SPIRITUAL - PART 7
Sunday, June 16, 2019
“I have much more to say to you, but you can’t handle it now. However, when the Spirit of Truth comes, he will guide you in all truth. He won’t speak on his own, but will say whatever he hears and will proclaim to you what is to come.
The Spirit may guide us in all truth, but that does not mean we have “all of the truth” about everything.
Sometimes truth may take generations to uncover or discern. How many centuries did astronomers study the skies before they realized the truth that the earth was round and revolved around the sun? Even when Copernicus first released this fundamental scientific truth, the church rallied against him declaring the scriptures such as Psalm 93 which declares that “God has fixed the earth as immovable and firm.” So was Copernicus listening to the Spirit of Truth or was the Church? It took generations to accept, but eventually the Church came to accept that they were wrong. This does not mean that nobody in the church was trying to listen to the voice of the Spirit, or that the Spirit was even directly involved in the natural discovery of scientific realities.
Throughout history, Christians across the globe have disagreed on countless “truth claims”. Early Christians argued over the divine nature of Christ and the Holy Spirit. Were they eternally begotten, co-equal with God, or where they created by God? Was Jesus fully Divine or fully human? Could he be both?
Century after century, groups of Christians separate over any number of “truth claims” ranging from the authority of the Pope to the method and meaning of Baptism. The Methodist Episcopal Church South and other Christians in the 1800’s stood firm on their “truth” that even slavery was an institution ordained and approved by God. Christians fought on both sides of the Civil War, the Civil Rights Movement, and virtually every other social and political conflict throughout history. Churches still split over almost anything and both sides of every split claim that their side stands on the “Absolute Truth” of Scripture.
Rev. James Howell notes that this “spirit of truth” is perilous, as too many Christians treat “truth” as some sledgehammer to judge or belittle others. St. Ephrem the Syrian (4th century) writes, “Truth and love are wings that cannot be separated, for Truth without Love is unable to fly, so too Love without Truth is unable to soar up; their yoke is one of harmony.” Denominations are lousy about truth; both “sides” blithely presume to have cornered it.
Good Bible believing Christians hold opposing views on countless political, ethical and even moral issues. Some may indeed be misinterpreting scripture. Some may be intentionally twisting scripture to fit their own agenda. But not all. Many people are sincerely trying to align themselves with God’s truth to the best of their ability and yet still come out on different sides of the aisle.
In Acts 15, we read the story of a conflict between Paul and Barnabas which ends in each of them parting ways. Who was right? Which one of them listened to the truth of the Spirit? Scripture doesn’t say, and perhaps it does not matter. In the end, the Spirit guided both of them in successful missionary journeys. Neither one was outcast by the church or by God and yet clearly they could not both have been “right”.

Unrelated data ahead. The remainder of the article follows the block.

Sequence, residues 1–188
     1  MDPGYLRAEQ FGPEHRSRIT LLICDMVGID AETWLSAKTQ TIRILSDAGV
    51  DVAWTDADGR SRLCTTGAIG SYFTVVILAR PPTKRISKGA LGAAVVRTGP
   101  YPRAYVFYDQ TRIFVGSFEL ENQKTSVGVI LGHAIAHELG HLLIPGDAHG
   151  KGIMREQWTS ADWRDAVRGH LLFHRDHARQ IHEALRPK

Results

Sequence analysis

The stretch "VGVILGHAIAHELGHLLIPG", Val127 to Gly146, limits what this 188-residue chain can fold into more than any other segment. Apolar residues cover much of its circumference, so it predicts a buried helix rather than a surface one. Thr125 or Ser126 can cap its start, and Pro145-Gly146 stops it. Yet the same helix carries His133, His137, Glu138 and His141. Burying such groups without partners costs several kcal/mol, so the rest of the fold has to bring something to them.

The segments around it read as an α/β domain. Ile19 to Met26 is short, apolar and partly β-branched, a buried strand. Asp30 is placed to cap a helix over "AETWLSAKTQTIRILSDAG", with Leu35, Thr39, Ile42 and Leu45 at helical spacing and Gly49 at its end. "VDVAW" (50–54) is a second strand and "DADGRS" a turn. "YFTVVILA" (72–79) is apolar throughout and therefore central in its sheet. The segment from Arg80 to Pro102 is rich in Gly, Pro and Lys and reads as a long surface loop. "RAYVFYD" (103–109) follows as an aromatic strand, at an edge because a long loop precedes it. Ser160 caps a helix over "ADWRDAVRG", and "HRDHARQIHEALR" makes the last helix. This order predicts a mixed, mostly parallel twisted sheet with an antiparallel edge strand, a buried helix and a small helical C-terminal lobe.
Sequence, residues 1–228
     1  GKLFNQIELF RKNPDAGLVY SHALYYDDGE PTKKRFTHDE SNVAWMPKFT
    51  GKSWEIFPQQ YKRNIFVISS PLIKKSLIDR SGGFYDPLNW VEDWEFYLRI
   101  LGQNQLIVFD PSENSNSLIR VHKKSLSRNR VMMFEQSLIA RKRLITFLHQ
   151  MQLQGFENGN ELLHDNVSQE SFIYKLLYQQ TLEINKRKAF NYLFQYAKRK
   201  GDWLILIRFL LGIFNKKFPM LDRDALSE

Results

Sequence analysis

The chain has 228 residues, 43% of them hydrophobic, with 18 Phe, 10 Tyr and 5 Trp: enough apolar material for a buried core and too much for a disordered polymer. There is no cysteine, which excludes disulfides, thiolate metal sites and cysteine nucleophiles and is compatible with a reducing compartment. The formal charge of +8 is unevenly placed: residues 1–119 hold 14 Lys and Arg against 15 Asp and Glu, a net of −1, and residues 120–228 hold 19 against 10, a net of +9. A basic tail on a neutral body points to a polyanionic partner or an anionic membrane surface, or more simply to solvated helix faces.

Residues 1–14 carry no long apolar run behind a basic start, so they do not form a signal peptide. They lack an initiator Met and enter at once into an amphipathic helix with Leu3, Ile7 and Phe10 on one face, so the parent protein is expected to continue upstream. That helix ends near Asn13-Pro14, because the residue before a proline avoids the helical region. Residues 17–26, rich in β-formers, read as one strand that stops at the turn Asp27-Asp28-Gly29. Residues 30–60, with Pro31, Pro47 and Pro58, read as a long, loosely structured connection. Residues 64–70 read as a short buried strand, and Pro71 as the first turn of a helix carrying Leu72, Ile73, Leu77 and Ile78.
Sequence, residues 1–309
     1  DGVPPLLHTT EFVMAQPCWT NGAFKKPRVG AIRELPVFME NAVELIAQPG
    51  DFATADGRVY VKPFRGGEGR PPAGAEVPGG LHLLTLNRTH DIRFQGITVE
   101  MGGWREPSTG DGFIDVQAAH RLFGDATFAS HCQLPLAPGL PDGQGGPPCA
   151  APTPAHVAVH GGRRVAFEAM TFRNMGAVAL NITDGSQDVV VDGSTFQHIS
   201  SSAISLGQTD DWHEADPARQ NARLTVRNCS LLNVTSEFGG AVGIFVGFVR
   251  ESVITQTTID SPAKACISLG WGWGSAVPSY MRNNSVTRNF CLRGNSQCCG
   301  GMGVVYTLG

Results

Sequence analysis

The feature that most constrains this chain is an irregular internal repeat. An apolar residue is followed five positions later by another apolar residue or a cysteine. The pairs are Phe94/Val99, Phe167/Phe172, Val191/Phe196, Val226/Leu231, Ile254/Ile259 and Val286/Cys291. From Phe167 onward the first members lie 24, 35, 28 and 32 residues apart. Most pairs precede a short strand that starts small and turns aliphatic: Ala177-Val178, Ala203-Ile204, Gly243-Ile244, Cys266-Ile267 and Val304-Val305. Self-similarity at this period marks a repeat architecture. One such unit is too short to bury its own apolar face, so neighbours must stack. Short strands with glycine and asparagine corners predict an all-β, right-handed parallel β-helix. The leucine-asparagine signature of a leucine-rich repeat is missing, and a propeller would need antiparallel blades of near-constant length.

So where is this “Spirit of Truth”?
Why don’t we all hear the same truth when this Spirit speaks?
Perhaps we do. At least on the things that matter most. Holy Spirit reveals to us the nature of God. Holy Spirit teaches us the way of salvation. Holy Spirit convicts us of the truth of sin in our lives and leads us in the way of repentance. Holy Spirit resonates with our spirits to assure us that we are beloved children of the Most High.
Jesus told his disciples there were many things they were not ready to hear. In truth, there are still many things we are not ready to hear. There are many things good Christians have thought were true that are not so black and white. Just like Jesus, Holy Spirit knows the places in our lives where we are ready to see a bit more gray, to hear a more nuanced approach that isn’t always either/or, in/out, right/wrong. But Holy Spirit also knows the places in our lives we need a bit more certainty and assurance and the Spirit teaches us all that is spoken clearly by the Father and the Son. Holy Spirit is the Wisdom of God personified. Wisdom doesn’t simply teach us right and wrong. Wisdom also guides us in how to appropriately apply the truths we have learned.
We may know the truth, for example, that a tomato is a fruit, but wisdom reminds us not to put one in a fruit salad or smoothie.
Likewise, Holy Spirit guides us in all truth, but she also grants us the wisdom not to use that truth as a weapon against our brothers and sisters. She grants us the wisdom to be patient with one another, bearing all things in love rather than quarreling with those who hold to a different truth. She even gives us a discerning ear and heart to learn from one another, perhaps even to be corrected in our own misunderstandings of what we thought was true. She gives us humility to admit when we are wrong and the humility to reign in our arrogance and pride in being right.
First and foremost, Jesus says that Holy Spirit will remind them of everything he taught them. This third person of the Trinity, fully divine as Christ and the Father are Divine, will consistently point believers to the Father. The disciples asked Jesus, “Lord, show us the Father”. Perhaps our primary question pray should not be, “Spirit show me the truth so I can be right,” but instead simply pray, “Holy Spirit, show us the Father.”